In the last 30 days according to steam charts Conan Exiles has 14,036 current players and had a 30 day average of 8,747.3 players with a -3.39% loss, Ark has 72,513 current players and had a 30 day average of 53,559.4 players with a loss of -13.31% loss.

Both are heavily modded games, both run on the unreal engine and both are the same genre of games and both have the same survival mechanics…but yet they are vastly different in player base.

Why is that? I firmly believe that it is due to what I was talking about when I mentioned “poorly thought out and implemented game systems and mechanics” even Joel alluded to that in the article I linked. Even a new expansion couldn’t change the slow downhill slide due to…you guessed it…“poorly thought out and implemented game systems and mechanics” If you add into that the poor QA system and what seems to be an impossible task of squashing bugs brought on from said poor mechanics I think you have, as near as I can tell a pretty clear reason for the decline.

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Ah the ole site statistics and claim that whatever issue you personally have with the game is the very reason for the player population differences between Ark, and Conan…

Ya, that’s never been said before.

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Well first off I don’t have any personal problems with it…it was just a discussion that we were having. As a seemingly fairly smart active member of the modding community do you have anything other than that to say? I mean after all you like hard data…that is hard data after all.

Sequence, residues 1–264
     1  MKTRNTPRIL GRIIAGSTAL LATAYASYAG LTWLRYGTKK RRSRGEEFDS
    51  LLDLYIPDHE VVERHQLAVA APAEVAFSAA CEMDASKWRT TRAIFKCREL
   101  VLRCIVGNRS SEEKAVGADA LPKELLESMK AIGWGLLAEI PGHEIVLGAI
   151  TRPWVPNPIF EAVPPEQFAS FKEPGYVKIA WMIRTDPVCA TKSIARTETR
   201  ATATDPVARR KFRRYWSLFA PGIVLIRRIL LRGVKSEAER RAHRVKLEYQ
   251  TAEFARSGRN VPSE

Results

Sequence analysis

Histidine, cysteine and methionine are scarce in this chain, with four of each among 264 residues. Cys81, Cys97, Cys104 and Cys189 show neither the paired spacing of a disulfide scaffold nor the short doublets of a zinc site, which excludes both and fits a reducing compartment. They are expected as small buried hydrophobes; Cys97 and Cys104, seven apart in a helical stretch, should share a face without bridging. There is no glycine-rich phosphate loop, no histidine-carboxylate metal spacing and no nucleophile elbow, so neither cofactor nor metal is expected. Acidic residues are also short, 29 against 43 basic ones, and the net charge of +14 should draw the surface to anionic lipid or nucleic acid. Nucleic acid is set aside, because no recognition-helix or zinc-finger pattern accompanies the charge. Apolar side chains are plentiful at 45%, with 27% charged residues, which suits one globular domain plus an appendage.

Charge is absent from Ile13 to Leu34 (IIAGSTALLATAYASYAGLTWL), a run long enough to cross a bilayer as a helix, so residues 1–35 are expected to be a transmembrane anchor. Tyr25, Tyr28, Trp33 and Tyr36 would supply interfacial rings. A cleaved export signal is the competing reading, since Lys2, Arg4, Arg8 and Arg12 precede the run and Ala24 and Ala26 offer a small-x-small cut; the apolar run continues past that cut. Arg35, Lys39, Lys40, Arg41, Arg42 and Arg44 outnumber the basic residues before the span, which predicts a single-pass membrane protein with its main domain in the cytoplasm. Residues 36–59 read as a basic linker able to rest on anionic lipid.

To echo Multigun’s sentiment, but worded differently, I ain’t touching statistics with a 10 foot pole. I still remember learning statistics in high school and at the univesity, and if there’s one thing I truly learned from all of that, it’s that statistics are notoriously easy to misunderstand and misuse. You can take the same set of observations and use statistics on it in 10 different ways to to convince people to accept 15 different conclusions.

And you can see that happening on these forums a lot. Different people have interpreted the same Steam Charts data for Conan Exiles to conclude whatever they want, ranging from doom-and-gloom “Conan Exiles is dead” to “Conan Exiles is perfect and doing better than never”.

That said, if I wanted to fiddle with statistics – which I most definitely don’t – I wouldn’t take last 30 days as the basis for any serious comparison :wink:

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Even if you take the “statistics” out of it the rest of my sentiment still rings true.

Everything that has been said is nothing new, just fun to point it out now and then and I don’t think anything will come of it so it is what it is. The article is a good read tho…fun to see all the stuff said in 2018 that we all know now was just a bit…off shall we say?